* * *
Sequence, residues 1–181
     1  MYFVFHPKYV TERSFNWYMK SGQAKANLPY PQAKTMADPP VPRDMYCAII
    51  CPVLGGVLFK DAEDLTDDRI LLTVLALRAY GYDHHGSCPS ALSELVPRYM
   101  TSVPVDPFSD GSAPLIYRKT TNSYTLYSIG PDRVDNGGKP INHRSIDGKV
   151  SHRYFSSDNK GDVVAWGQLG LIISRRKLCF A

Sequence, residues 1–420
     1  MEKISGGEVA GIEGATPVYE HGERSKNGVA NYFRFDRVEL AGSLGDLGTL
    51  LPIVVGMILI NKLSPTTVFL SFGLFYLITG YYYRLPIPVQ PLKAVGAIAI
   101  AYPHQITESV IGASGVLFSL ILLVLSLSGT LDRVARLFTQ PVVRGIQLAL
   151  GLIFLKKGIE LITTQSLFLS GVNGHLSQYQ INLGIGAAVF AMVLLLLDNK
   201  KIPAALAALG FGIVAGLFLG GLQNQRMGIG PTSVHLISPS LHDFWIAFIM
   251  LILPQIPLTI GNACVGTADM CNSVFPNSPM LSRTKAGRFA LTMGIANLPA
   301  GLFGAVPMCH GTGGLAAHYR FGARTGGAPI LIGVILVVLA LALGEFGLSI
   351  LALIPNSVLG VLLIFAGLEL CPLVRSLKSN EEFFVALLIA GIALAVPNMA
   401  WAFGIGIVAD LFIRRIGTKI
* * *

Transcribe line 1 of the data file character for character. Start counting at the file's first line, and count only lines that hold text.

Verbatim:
Sequence, residues 1–181